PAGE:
Washington, D.C. — Today, U.S. Senators Tina Smith (D – Minn.), Sherrod Brown (D-Ohio.), Jon Tester (D-Mont.) and John Fetterman (D-Pa.) signed onto a letter led by Senator Elizabeth Warren (D – Mass.) urging Gary Gensler, Chair of the U.S. Securities and Exchange Commission (SEC), to create new rules requiring public companies to disclose their spending on lobbying efforts. Public companies are not currently required to report information on the details of their lobbying to the SEC even as corporate lobbying expenditures reach record highs.
“In 2022, total federal lobbying expenditures reached $4.1 billion – the highest since 2010. Amazon and Meta spent almost $20 million each to influence decision-making in Congress and across government agencies, while the U.S. Chamber of Commerce – which counts companies like JPMorgan Chase, Alphabet, and Chevron among its members – spent $79.4 million,” wrote the senators. “While these figures are staggering, they provide little insight into the interests that companies spend millions each year to advance. This lack of transparency erodes the ability of everyday investors to make informed decisions about where to invest their money – and where their money goes once they have invested.”
Specifically, the senators are requesting that such rules require disclosure of lobbying strategy, the total amount of direct or indirect contributions to registered state and federal lobbyists and any material risks related to or arising from lobbying strategies and expenditures. The senators requested the SEC provide them with details on their plans to develop and issue such rules no later than November 29th, 2023.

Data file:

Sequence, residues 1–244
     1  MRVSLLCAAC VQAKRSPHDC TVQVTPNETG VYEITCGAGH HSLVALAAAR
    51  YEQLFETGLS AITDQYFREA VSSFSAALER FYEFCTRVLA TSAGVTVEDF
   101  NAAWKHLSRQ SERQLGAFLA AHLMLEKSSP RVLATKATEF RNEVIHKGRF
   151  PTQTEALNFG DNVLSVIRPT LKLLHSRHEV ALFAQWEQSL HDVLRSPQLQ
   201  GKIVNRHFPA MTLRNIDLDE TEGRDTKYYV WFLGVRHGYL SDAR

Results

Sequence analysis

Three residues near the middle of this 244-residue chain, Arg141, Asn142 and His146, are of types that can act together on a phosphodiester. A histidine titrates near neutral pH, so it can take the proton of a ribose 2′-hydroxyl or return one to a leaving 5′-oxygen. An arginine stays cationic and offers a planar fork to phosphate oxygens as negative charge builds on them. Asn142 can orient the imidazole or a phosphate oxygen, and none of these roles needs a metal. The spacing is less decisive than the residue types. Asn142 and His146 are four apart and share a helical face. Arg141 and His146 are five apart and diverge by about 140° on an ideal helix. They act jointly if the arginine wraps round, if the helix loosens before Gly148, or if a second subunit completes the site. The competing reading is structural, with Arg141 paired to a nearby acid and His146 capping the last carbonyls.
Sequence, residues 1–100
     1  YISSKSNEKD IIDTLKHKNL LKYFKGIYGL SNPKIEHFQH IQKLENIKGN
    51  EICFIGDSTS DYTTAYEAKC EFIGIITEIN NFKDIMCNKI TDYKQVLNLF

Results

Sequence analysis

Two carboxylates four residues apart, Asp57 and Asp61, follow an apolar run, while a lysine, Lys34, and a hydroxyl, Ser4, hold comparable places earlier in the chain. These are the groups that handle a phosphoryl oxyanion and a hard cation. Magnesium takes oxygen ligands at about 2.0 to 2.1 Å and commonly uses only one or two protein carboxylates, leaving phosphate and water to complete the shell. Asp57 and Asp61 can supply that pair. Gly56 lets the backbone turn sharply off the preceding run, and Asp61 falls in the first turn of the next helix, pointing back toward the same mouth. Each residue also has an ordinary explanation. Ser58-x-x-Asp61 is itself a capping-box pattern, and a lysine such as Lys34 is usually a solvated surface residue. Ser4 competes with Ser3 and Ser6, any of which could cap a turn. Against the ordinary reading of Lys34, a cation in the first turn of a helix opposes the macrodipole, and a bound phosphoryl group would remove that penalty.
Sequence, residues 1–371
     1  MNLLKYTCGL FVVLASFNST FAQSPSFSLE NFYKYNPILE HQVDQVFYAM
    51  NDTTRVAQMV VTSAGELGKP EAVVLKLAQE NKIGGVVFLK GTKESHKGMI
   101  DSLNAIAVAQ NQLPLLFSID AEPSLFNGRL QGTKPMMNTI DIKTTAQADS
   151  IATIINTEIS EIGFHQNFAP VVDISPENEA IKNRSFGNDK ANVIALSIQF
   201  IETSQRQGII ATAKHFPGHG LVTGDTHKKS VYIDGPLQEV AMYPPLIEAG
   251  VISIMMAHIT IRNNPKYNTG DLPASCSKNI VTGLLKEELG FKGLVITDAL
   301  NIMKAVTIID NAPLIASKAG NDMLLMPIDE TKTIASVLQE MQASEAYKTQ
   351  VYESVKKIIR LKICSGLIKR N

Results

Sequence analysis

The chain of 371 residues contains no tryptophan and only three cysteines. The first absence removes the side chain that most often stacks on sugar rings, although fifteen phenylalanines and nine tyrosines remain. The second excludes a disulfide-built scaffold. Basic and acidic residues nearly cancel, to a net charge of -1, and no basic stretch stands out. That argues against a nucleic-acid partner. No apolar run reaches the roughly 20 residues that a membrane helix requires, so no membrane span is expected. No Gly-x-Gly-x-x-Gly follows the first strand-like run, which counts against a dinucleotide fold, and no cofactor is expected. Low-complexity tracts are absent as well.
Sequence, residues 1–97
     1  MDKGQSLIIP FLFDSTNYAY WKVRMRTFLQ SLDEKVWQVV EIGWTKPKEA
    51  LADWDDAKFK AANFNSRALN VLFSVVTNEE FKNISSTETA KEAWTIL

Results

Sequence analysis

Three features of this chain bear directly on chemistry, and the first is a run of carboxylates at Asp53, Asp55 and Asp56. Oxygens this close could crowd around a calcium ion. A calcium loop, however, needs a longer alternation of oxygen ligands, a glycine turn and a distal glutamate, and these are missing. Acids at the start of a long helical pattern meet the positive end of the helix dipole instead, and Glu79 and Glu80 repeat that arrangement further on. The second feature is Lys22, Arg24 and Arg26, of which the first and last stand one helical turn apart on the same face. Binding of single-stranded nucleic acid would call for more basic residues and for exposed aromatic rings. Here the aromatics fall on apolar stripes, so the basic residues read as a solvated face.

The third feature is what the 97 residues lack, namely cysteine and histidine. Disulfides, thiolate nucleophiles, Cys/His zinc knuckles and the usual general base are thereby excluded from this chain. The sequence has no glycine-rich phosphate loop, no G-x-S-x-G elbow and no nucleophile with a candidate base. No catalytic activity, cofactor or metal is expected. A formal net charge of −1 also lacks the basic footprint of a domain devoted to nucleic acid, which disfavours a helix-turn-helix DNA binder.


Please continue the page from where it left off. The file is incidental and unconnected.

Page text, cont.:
“In the absence of strong lobbying disclosure rules, investors are largely kept in the dark regarding the policy campaigns they are indirectly funding. This raises concerns that investors may be funding lobbying activities that are counter to the stated missions of the companies they’ve invested in, that are counter to their own beliefs, or that may even erode the value of their investment,” the senators continued.
“A company’s lobbying activity is of material importance to its investors, and it is past time for the SEC to require strong disclosure rules to ensure that investors have access to that information,” the senators concluded.
You can find the full text of the letter here.